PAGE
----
Let's look to the life of Jesus, which as Christians we do too little, to show us what matters.
And there people brought to him a paralytic lying on a stretcher. When Jesus saw their faith, he said to the paralytic, “Courage, child, your sins are forgiven.” At that, some of the scribes* said to themselves, “This man is blaspheming.” Jesus knew what they were thinking, and said, “Why do you harbor evil thoughts? Which is easier, to say, ‘Your sins are forgiven,’ or to say, ‘Rise and walk’? But that you may know that the Son of Man has authority on earth to forgive sins”—he then said to the paralytic, “Rise, pick up your stretcher, and go home.” He rose and went home (Mark 2:1-11)
You see, the physical healing was secondary, or even tertiary. It was not primary. What Jesus did for the man who was paralytic was forgive his sins, heal his soul, restore his heart by an incomprehensible act of love, not enable him to walk, which was something the Lord did merely to silence His critics.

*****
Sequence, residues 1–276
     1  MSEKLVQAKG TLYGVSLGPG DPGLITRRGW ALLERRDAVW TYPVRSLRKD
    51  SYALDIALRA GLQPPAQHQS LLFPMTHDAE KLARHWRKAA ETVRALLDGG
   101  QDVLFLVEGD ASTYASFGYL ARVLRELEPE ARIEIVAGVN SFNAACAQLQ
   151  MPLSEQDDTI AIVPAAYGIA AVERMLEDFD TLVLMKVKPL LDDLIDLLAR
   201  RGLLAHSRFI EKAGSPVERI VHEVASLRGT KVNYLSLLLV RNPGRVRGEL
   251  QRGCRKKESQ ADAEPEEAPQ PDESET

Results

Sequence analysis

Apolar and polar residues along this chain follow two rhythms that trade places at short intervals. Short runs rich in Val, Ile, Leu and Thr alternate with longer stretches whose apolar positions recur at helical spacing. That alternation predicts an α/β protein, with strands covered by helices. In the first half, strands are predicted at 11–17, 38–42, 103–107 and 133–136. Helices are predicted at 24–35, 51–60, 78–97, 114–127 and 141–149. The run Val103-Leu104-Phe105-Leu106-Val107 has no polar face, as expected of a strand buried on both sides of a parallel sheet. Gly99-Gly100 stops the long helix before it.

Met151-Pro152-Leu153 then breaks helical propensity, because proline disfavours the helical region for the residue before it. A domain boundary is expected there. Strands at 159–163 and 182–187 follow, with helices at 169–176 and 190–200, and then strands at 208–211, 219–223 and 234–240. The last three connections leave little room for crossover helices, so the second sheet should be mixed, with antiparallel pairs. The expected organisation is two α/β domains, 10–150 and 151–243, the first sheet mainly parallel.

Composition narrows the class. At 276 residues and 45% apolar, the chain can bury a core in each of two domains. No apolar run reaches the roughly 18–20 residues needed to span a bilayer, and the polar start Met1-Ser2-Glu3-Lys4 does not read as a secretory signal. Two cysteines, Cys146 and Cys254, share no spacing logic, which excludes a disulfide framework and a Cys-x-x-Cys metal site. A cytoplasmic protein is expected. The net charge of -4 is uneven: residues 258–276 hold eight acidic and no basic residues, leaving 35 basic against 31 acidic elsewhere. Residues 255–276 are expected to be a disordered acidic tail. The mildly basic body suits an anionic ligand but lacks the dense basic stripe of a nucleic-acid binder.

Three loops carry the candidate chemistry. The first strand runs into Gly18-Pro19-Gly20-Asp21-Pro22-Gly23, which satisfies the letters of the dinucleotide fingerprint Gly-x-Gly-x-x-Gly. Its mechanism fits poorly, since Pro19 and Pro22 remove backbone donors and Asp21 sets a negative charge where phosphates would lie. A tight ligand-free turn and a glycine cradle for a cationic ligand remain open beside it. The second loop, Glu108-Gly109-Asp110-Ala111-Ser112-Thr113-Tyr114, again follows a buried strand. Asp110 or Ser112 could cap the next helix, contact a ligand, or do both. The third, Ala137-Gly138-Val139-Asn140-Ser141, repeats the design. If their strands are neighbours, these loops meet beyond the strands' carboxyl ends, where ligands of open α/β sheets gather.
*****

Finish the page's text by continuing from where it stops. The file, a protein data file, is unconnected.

In his book Follow Me: A Call to Die. A Call to Live, David Platt lays this out pretty simply: "Forgiveness is God's greatest gift because it meets our greatest need."
Pope Francis laid it out more comprehensively and just as simply in his first Angelus appearance on 17 March:
Let us not forget this word: God never ever tires of forgiving us! “Well, Father what is the problem?”. Well, the problem is that we ourselves tire, we do not want to ask, we grow weary of asking for forgiveness. He never tires of forgiving, but at times we get tired of asking for forgiveness.Forgiveness gives us hope, which often gives us the strength we need to carry on. Hope is the antidote to despair. It is the cure for being paralyzed in the face of reality, which is often overwhelming because it is unyielding.
Let us never tire, let us never tire! He is the loving Father who always pardons, who has that heart of mercy for us all. And let us too learn to be merciful to everyone